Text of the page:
17-year-old Helena Muffly wrote exactly 100 years ago today:
Friday, March 22, 1912:We had some of those recitations repeated this afternoon, but fortunately I wasn’t called upon to say mine. After this was over, we wound up by singing a laughable song.
Her middle-aged granddaughter’s comments 100 years later:
What was the hilarious song? An old-time silly song we used to sing when I was a child was Never Make Love in a Buggy. It seems like the sort of song that teens might have enjoyed.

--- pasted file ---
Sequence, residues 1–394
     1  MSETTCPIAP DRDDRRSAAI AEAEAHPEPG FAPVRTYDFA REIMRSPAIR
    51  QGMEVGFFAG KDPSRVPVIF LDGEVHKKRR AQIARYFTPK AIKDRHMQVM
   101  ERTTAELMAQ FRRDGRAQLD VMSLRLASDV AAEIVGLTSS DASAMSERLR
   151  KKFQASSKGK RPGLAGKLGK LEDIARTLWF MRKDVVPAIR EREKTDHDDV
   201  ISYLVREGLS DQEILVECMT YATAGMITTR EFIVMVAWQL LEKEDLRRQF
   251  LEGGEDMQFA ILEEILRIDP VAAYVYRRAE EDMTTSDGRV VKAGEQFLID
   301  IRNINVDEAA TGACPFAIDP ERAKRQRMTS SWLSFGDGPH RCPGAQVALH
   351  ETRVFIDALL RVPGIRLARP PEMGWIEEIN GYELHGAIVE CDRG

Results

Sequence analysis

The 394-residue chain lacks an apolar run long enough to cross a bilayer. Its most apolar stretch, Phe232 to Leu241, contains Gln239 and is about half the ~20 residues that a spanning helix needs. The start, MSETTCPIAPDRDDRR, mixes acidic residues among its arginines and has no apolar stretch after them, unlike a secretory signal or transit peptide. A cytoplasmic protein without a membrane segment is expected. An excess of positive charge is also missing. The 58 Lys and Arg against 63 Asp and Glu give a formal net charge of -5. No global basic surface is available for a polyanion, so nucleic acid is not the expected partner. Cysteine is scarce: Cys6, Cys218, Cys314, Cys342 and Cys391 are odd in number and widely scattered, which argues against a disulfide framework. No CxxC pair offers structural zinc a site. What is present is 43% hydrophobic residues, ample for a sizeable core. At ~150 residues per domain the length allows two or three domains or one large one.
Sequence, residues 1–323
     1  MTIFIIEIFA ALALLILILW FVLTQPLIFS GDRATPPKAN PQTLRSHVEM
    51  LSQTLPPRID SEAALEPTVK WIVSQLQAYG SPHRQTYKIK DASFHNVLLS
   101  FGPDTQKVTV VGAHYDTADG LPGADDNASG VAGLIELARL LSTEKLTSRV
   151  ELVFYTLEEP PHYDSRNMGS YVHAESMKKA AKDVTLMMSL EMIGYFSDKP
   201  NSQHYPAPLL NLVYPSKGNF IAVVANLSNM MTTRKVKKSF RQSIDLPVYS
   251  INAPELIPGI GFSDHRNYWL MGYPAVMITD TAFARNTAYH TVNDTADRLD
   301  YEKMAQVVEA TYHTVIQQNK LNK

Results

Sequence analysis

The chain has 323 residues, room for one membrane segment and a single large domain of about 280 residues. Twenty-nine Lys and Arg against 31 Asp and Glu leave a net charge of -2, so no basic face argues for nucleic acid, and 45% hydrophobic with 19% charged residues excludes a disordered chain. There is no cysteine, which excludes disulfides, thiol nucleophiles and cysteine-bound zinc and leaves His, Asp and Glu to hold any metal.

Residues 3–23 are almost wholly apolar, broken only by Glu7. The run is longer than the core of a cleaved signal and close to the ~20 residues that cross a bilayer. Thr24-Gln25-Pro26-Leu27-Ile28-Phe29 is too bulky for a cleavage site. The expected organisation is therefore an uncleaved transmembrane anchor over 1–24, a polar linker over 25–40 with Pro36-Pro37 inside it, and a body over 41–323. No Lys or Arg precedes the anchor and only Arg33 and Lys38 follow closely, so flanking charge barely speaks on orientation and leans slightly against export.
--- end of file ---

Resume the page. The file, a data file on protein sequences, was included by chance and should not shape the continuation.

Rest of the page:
Never Make Love in a Buggy
Never make love in a buggy,
While riding along in the moonlight.
You better be wise,
Potatoes have eyes,
You’re watched from the orchard
By great Northern Spies.
The corn having ears
It might hear you.
While riding o’er hills and dales,
So never make love in a buggy,
For horses carry tails.
Northern Spies refers to an old apple variety.
I’ve previously written about the role of recitations in schools (see Pros and Cons of Recitation as a Teaching Method). But, this entry provided another bit of information. Apparently all students were required to memorize a recitation, but only some actually had to recite.